Well said. “Seems to me either they are not being good stewards of the moneys they receive, or they are fleecing the students and alumni.”

      And the issue of intolerance.

      The truth is that colleges are suffering from horribly inefficient bureaucracies, they lack the kind of performance based checks which drive a normal business. In business, ever lower efficiency is eventually brought under control by a poor profit driven purge.

Wow, look at all those white chairs. Somebody should be triggered, but good.

Oh, I saw this coming months ago. Granted, Oberlin acted intelligent for perhaps the first time by staying quiet (to the alums) once they were in active litigation, but there was still that year long period between the crime and the filing. Oberlin communicated nothing that I can recall during that time period to the alumni. Read the alum mags and it is obvious that they will toot their horn over even the most minor accomplishment. This makes me think that they have been aware that they overstepped and bad things could happen and that some likely have been thinking since, oh, February 2017 that they dodged a bullet. My SWAG is that the college was trying to maximize the amount of “edgy” PR that they could get to placate the students w/o going overboard and inviting a lawsuit. I am also somewhat suspicious about the timing of Krislov leaving, and I am looking forward to possible questions about his decision to go.

But, yeah, the cats out of the bag with the alums in town. I was initially peeved when I saw that it was going to take 18 months to bring this to trial, but having it happen right during commencement weekend is just the perfect PR storm.

That whitewash in the Review is going to come back and haunt them big time, especially so in the case of a multi-$M settlement. It alone should be good for at least 10 spots further down in the best colleges poll. I think the college may well see themselves in another trial with the alums, because unlike the students, some of them have grown up since leaving. When you cut to the core, this trial is actually about the college behaving completely opposite to how they present themselves. That is not going to inspire people to donate. I have recently watched the first 3 eps of Chernobyl on HBO and quite frankly, the Soviets are looking more transparent there than Oberlin has been with the Gibsons incident.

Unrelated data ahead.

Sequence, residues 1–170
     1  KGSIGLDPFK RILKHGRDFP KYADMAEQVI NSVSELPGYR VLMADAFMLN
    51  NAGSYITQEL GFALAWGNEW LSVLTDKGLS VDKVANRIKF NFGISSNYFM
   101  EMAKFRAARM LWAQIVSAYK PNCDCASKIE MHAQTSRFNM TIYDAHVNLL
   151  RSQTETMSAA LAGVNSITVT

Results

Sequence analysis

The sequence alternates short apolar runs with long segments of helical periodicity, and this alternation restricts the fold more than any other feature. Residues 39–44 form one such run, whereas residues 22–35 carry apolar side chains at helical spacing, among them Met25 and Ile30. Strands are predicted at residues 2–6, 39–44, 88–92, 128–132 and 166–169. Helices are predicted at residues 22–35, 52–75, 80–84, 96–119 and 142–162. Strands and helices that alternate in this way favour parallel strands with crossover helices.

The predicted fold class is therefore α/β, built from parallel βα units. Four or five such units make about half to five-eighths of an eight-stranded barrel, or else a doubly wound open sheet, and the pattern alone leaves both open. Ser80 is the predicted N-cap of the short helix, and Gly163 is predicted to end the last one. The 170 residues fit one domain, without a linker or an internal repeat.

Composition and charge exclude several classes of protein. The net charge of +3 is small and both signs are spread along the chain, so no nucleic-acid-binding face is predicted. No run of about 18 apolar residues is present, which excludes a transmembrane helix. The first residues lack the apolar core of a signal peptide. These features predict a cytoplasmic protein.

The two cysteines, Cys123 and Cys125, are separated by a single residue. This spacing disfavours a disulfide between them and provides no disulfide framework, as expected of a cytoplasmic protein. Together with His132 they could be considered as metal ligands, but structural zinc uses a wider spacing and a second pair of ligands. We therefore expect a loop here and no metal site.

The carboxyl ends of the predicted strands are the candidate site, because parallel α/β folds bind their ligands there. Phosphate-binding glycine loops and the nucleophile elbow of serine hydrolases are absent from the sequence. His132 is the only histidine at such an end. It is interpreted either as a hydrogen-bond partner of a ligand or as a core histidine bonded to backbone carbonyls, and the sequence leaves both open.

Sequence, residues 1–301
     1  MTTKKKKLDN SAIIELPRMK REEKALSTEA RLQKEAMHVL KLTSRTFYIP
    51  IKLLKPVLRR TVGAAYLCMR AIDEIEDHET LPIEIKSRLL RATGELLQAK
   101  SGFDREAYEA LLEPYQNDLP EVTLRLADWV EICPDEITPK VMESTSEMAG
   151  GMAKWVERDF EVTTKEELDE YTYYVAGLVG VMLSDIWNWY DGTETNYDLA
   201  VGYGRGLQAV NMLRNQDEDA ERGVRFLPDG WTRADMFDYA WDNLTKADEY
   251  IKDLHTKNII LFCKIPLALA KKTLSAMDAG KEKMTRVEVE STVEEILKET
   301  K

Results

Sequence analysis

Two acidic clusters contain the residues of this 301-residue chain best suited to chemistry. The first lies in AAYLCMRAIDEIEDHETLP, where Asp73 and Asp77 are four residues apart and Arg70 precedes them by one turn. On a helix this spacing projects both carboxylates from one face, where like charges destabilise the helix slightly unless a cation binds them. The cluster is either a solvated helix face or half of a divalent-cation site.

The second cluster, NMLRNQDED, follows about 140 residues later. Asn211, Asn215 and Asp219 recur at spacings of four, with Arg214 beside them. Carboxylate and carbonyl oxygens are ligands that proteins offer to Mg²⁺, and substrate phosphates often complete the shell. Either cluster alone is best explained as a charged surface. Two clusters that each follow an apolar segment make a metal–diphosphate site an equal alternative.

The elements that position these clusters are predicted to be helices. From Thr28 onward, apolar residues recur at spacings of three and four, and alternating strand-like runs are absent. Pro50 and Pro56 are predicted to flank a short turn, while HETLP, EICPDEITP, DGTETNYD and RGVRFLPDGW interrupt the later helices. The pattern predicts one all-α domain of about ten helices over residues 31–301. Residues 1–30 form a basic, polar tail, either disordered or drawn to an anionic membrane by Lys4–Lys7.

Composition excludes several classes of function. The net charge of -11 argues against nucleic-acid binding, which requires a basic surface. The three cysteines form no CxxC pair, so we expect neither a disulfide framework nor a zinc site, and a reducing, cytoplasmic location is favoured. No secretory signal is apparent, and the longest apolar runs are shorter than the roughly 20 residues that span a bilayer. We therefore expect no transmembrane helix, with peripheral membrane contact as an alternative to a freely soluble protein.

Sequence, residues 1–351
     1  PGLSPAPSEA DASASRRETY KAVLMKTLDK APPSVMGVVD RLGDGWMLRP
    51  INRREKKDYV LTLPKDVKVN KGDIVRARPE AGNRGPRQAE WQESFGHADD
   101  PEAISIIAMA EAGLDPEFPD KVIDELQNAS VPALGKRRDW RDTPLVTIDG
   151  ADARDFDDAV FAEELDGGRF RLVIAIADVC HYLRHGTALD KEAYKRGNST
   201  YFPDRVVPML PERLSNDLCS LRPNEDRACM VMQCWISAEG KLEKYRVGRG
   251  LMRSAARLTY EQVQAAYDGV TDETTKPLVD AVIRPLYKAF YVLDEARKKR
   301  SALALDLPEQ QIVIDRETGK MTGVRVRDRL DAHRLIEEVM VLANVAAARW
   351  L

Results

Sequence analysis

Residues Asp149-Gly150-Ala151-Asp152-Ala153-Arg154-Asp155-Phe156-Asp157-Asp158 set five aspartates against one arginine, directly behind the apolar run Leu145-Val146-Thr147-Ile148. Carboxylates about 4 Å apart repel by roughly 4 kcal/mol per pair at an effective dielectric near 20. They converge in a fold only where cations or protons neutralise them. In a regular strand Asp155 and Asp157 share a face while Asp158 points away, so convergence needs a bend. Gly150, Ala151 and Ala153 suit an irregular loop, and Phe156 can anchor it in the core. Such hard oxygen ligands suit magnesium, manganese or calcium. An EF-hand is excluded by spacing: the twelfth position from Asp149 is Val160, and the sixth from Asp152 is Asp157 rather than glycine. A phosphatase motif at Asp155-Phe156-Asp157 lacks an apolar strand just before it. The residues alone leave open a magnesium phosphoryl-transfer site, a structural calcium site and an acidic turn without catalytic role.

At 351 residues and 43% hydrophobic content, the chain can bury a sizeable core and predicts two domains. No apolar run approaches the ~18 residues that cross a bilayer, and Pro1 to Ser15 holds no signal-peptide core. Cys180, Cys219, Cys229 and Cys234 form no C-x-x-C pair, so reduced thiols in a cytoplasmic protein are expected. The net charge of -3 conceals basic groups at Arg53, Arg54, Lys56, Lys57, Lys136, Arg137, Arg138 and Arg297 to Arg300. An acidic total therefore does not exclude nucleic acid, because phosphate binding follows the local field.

artichoke in reply to MajorWood. | May 27, 2019 at 2:16 pm

    There was also admissions. They had to keep the lid on until after May 1 (and thru as much of “summer melt” season as possible) to admit one more decent class.

      slither in reply to artichoke. | May 28, 2019 at 8:42 am

      And having the trial end during summer when the students are gone prevents another riot when (and if) the verdict goes against Oberlin.

In a period of 35-40 years Oberlin has fallen from an elite liberal arts college nearly at the level of Amherst, Williams or Swarthmore to an also-ran affixed in rankings aside Kenyon and Macalaster. The alum ought to have long ago fixed the rot but instead expended resources explaining why all rankings systems are flawed. Flawed? This isn’t some college flirting with top ten status but unable to break through. This is a college that has seen its glory days fade into the past as it attracts students more interested in flavor of the month social action than rigorous academics. Compare Oberlin to an elite liberal arts college able to combine a message of “public service” as well as academic rigor such as Swarthmore. Oberlin is a failing institution with an endowment too puny to repair the faults in its academic foundations. Without a strong hand able to assert an adult role over the students and faculty and an aggressive effort to increase the school’s endowment Oberlin will continue its status of a once-great liberal arts college struggling in the present to remain in the top 40 of such schools.

If the main stream media doesn’t cover it and they don’t come to this website, how would they know? The school doesn’t want donors to know their contributions may go to a settlement, because the school victimized a small business. I’m curious as to why the school didn’t quietly settle and move on? The cost of litigation is probably higher than they would have paid in a settlement.

    artichoke in reply to Jackie. | May 27, 2019 at 7:30 pm

    I think they didn’t settle because, for some reason, the left has an utterly seething hatred of conservatives.

    I cannot understand it at all, and if I did I would probably feel somewhat contaminated by the thought of whatever it is, but the hatred is intense. Don’t forget how they feel, make allowances and adjustments.

      Jackie in reply to artichoke. | May 30, 2019 at 6:57 pm

      I don’t know if Gibson’s is conservative. I think it is just a small business struggling to survive.

“The current tension between the College and Gibson’s began in November 2016 when a Black student attempted to make a purchase at Gibson’s Bakery and was accused of shoplifting.” Wasn’t it three students, and didn’t they plead guilty to shoplifting? Since when is shoplifting “attempting to purchase”?

    Observer in reply to elliesmom. | May 27, 2019 at 10:08 am

    It was 3 black students, and they were shoplifting bottles of wine. Allyn Gibson tried to stop them from shoplifting, and they all physically attacked him. The cop who was the first responder testified that when he arrived on the scene, they had Gibson down on the ground, and they were all punching and kicking him.